I got so carried with my Amazon.com short yesterday, and my quest for the goggles, I forgot all about the summer fun.
Here was the deal. I was in a pool shaped wrong for water volleyball, and how are you going to play water volleyball with just three guys anyway? So, not being ones to lie around aimlessly in the sun – where’s the competition in that? – we set about devising the rules of the afternoon. There would be a series of five events, each scored 3 points for the gold, 2 points for silver, 1 point for bronze. I was thus assured of at least 5 points, notwithstanding my pals being two decades my junior. The events were to be: Underwater Distance Swimming, Underwater Breath Holding, Push-Ups, Poker, and Scrabble (there is only so much time one can stay outdoors in Miami in the summer).
I actually used to be able to swim pretty far underwater, and now that I had a pair of Nike goggles, I felt a silver medal or perhaps even a gold was not out of reach. Until it developed that David knew how to do flip turns. I need hardly point out the importance of flip turns in generating the most flowing pushshsh off the side, or the importance of that pushshsh in covering the length of a 12-yard pool. In high school, I had pretty serious trouble with flip turns, living in constant fear that I would go into mine too early (pushing off vigorously against nothing) or else too late (smashing my knees against the edge of the pool). But that was a long time ago, so even what little expertise I had developed had pretty much left me.
Making matters worse, when we did “odd-finger” to see who would go first, I “won” and had to go first. (Just in case you were wondering, it was the first time I had done odd-finger in perhaps 35 years. Yet it is an effective method for breaking a deadlock and one that should probably be used more often in corporate and diplomatic stalemates.) I adjusted my goggles, hyperventilated, and pushshshed. I embarrassed myself with three truly pathetic turns and, thus, did four laps underwater. David did six, so Marc did six-and-a-smidgen. This made David, who feels a deep need to win, crazy. “Two rounds,” he announced, meaning that each of us got a second try.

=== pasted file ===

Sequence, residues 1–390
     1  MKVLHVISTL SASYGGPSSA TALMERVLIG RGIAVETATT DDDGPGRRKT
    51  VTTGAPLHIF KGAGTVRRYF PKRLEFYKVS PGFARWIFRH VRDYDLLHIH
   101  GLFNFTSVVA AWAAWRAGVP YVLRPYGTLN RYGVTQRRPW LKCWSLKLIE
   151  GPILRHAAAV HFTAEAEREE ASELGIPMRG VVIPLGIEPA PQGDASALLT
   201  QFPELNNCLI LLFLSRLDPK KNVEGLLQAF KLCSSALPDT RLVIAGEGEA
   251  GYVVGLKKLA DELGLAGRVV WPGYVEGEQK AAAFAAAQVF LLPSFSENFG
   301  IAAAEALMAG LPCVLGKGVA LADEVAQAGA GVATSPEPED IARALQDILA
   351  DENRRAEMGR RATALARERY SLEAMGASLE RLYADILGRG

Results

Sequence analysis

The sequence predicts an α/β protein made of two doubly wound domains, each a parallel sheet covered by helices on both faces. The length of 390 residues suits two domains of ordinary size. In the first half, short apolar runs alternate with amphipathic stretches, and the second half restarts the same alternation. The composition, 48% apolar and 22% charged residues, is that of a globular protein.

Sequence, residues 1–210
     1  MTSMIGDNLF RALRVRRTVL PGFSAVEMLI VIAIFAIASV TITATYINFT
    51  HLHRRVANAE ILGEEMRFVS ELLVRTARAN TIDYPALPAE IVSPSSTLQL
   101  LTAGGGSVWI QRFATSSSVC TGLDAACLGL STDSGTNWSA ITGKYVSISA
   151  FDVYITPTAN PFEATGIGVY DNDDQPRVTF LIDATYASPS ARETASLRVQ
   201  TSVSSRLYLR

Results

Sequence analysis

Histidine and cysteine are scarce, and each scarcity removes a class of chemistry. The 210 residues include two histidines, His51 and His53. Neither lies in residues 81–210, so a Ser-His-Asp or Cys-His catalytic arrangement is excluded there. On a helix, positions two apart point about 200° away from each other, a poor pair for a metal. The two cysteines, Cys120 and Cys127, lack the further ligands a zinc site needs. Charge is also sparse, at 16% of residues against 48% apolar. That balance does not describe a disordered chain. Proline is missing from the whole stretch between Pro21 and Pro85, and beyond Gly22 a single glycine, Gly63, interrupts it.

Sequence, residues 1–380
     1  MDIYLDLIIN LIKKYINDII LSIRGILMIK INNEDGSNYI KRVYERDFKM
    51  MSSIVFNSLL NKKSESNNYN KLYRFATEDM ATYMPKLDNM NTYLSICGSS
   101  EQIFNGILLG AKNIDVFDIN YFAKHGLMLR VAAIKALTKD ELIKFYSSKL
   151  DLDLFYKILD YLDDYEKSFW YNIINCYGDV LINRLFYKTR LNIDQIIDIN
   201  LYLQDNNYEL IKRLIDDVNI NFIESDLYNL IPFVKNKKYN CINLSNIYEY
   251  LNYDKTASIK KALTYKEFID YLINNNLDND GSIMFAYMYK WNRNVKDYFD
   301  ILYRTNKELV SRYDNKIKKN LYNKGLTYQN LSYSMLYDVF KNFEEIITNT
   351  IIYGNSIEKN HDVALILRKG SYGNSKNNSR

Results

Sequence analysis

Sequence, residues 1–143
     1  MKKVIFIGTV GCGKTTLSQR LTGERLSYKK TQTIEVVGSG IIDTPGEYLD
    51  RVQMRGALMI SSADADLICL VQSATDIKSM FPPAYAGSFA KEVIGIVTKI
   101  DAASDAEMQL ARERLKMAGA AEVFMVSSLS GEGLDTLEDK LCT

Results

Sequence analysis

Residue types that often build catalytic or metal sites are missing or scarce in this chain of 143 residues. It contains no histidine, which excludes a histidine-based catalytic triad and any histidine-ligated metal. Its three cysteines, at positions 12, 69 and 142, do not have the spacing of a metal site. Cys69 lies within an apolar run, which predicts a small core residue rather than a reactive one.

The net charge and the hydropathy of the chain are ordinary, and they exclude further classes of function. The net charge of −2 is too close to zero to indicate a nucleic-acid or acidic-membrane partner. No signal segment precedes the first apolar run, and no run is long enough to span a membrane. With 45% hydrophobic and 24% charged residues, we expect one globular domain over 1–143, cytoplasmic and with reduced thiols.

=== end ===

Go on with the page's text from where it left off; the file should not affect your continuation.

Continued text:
For my second attempt, I merely dipped my head underwater for a moment and brought it back up, grinning broadly.
“That’s it?” asked the pentathletes.
“That’s it,” I affirmed, knowing that I couldn’t have done better than third in this event so I shouldn’t, if you will, waste my breath.
David, who I may have mentioned is competitive, swam nearly seven lengths underwater and when he surfaced, pretended to be having a seizure of some kind. This was funny, until we realized he had so stretched the edge of his personal envelope that perhaps he was having a seizure of some kind. Fortunately, the pool is even shallower than it is short – yes, you can drown in six inches of water, but generally not if two guys are in there with you (unless they are both truly competitive) – so whatever respiratory problem David was having lasted only a few seconds, and he soon began to deny having had any difficulty at all. Marc merely repeated his previous six laps, fearing (I think) that if he beat David, David might go for a third attempt and truly do himself in.